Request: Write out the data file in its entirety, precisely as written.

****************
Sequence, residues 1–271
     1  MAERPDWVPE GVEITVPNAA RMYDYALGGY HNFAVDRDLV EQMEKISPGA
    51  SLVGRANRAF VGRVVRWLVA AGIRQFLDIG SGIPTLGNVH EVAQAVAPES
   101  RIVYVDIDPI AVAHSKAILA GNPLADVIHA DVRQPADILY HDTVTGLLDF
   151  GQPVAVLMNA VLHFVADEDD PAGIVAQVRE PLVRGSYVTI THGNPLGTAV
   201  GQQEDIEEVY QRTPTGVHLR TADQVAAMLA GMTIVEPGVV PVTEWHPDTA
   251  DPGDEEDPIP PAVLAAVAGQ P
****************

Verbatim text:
Sequence, residues 1–271
     1  MAERPDWVPE GVEITVPNAA RMYDYALGGY HNFAVDRDLV EQMEKISPGA
    51  SLVGRANRAF VGRVVRWLVA AGIRQFLDIG SGIPTLGNVH EVAQAVAPES
   101  RIVYVDIDPI AVAHSKAILA GNPLADVIHA DVRQPADILY HDTVTGLLDF
   151  GQPVAVLMNA VLHFVADEDD PAGIVAQVRE PLVRGSYVTI THGNPLGTAV
   201  GQQEDIEEVY QRTPTGVHLR TADQVAAMLA GMTIVEPGVV PVTEWHPDTA
   251  DPGDEEDPIP PAVLAAVAGQ P